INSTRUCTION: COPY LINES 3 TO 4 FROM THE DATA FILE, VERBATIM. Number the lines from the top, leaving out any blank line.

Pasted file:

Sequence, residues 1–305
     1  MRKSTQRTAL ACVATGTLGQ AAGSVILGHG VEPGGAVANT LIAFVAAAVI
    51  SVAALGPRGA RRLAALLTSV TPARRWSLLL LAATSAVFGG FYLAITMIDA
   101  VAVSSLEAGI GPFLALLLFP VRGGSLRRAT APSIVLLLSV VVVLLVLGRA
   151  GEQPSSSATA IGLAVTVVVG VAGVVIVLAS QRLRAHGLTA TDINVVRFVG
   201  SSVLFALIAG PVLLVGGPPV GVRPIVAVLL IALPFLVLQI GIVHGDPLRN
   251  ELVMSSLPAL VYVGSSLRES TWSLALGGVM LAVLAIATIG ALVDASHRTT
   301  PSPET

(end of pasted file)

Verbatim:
    51  SVAALGPRGA RRLAALLTSV TPARRWSLLL LAATSAVFGG FYLAITMIDA
   101  VAVSSLEAGI GPFLALLLFP VRGGSLRRAT APSIVLLLSV VVVLLVLGRA